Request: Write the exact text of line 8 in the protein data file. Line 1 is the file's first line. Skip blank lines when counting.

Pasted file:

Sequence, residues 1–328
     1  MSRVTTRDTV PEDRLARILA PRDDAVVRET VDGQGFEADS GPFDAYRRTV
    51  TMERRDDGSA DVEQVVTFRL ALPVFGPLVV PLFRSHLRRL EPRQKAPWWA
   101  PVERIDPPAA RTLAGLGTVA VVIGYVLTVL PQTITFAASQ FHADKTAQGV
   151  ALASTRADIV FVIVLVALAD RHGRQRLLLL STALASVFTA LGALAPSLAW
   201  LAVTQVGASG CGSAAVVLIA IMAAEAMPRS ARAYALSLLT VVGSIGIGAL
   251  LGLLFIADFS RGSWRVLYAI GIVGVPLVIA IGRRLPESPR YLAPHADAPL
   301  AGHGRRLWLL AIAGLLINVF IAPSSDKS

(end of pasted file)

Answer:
   301  AGHGRRLWLL AIAGLLINVF IAPSSDKS